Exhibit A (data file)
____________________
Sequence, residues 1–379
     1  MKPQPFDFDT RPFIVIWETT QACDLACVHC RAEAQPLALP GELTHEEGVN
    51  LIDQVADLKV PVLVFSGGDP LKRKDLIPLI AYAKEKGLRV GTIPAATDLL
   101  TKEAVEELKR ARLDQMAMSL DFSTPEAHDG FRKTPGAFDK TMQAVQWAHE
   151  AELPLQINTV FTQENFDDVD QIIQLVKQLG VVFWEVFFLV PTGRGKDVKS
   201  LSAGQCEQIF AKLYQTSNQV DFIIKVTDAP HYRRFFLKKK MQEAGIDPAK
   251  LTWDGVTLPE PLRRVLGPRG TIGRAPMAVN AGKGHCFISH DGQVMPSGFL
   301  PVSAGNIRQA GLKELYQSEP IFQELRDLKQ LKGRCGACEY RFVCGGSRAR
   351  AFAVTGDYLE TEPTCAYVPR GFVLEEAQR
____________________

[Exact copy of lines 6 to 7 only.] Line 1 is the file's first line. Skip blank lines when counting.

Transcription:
   201  LSAGQCEQIF AKLYQTSNQV DFIIKVTDAP HYRRFFLKKK MQEAGIDPAK
   251  LTWDGVTLPE PLRRVLGPRG TIGRAPMAVN AGKGHCFISH DGQVMPSGFL